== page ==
This is a very interesting retrospective, risk-adjusted, clinical outcome study examining the application of a sophisticated bloodless programme in medical and surgical patients. A large number of patients were enrolled and a reliable statistical analysis was performed. As mentioned by the authors, this is the first study reporting prosensity-matched, risk-adjusted outcomes of bloodless care in a population that does not include only cardiac surgery patients.
Applying this well-described bloodless programme, assessing and analysing a variety of clinical outcomes for patients who choose to avoid allogeneic blood transfusion (ABT) and comparing them to those of patients who accept ABT, the authors shown that there are similar and even improved overall results in the bloodless group, including a significant cost reduction.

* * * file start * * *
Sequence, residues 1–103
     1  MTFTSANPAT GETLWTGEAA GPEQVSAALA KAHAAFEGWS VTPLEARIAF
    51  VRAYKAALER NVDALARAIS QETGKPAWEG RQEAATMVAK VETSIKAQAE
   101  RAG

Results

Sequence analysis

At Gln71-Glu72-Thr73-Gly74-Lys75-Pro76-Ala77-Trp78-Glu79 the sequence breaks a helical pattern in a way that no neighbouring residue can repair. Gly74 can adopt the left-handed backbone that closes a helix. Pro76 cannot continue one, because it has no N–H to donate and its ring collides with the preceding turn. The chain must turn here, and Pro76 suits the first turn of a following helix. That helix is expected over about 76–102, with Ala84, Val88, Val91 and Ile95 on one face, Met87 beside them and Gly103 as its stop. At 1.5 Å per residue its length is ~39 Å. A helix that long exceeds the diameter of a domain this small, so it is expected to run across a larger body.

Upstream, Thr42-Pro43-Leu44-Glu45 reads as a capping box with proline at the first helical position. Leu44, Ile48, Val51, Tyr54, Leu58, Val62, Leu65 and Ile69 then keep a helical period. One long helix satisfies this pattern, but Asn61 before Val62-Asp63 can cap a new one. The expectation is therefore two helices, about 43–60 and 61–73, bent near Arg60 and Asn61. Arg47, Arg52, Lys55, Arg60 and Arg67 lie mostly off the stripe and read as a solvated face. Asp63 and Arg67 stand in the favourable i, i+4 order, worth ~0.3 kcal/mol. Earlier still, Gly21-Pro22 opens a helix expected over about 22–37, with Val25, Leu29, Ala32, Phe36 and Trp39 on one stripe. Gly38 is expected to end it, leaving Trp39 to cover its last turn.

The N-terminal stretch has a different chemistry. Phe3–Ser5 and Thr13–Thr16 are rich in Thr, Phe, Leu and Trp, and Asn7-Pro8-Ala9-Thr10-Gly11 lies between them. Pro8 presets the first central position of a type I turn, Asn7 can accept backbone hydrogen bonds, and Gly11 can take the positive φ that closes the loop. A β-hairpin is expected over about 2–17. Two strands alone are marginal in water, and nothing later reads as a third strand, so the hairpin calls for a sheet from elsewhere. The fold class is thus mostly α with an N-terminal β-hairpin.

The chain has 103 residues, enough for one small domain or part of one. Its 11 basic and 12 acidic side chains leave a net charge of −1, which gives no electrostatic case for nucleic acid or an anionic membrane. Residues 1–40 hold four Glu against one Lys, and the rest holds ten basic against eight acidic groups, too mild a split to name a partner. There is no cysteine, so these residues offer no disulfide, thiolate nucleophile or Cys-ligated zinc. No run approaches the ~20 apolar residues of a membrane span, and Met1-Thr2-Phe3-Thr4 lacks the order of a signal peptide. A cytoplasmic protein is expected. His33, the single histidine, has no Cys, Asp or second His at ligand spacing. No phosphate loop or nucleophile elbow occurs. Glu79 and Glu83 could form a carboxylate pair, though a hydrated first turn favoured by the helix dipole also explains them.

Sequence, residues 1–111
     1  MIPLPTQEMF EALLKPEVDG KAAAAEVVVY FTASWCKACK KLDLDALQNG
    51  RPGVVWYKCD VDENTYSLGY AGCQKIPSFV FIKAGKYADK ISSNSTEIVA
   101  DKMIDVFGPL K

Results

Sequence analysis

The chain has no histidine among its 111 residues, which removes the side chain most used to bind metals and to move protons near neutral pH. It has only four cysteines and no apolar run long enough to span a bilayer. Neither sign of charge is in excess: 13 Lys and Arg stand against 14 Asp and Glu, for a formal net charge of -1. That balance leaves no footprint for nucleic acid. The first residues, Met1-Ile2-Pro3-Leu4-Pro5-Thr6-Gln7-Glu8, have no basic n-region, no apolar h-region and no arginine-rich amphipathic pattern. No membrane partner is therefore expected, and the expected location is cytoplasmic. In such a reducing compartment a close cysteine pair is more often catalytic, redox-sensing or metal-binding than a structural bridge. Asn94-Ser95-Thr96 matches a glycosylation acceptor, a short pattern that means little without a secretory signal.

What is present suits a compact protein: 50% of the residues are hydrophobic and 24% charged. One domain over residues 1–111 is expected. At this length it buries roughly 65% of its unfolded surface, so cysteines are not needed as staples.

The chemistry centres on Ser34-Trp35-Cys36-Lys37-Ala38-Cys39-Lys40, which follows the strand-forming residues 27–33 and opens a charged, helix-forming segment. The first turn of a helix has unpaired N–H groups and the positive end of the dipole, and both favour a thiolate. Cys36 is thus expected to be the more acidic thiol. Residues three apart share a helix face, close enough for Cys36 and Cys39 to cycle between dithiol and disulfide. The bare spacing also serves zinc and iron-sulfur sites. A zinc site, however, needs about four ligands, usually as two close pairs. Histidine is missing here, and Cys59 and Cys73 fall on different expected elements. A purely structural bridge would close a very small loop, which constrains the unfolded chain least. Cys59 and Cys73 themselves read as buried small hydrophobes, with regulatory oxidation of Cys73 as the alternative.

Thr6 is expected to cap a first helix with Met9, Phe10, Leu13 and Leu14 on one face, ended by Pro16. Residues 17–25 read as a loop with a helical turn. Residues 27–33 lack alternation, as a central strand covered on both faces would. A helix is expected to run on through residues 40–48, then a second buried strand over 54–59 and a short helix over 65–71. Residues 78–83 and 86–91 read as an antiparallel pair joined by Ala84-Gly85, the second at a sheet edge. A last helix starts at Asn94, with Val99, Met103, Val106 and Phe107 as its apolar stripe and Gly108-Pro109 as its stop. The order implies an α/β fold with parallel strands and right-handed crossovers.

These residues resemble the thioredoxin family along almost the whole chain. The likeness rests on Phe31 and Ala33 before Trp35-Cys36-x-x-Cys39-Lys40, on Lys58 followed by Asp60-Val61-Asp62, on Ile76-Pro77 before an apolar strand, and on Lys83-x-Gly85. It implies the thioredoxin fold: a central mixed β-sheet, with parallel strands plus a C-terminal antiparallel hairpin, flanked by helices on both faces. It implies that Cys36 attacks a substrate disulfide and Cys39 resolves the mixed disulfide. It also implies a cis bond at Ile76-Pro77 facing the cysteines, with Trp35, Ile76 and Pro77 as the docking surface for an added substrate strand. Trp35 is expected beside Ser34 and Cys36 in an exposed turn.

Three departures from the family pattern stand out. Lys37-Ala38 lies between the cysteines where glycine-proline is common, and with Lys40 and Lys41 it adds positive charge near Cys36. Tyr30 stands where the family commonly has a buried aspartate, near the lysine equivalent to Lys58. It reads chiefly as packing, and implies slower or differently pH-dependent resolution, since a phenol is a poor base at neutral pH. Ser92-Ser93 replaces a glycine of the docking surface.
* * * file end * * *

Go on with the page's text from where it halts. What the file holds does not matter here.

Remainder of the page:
These findings clearly suggest that these multidisciplinary practices may not only be safely used in all patients wishing to avoid ABT, but also in other patient groups, because of significant overall benefits and minimal risks.
– Constantine Vagianos
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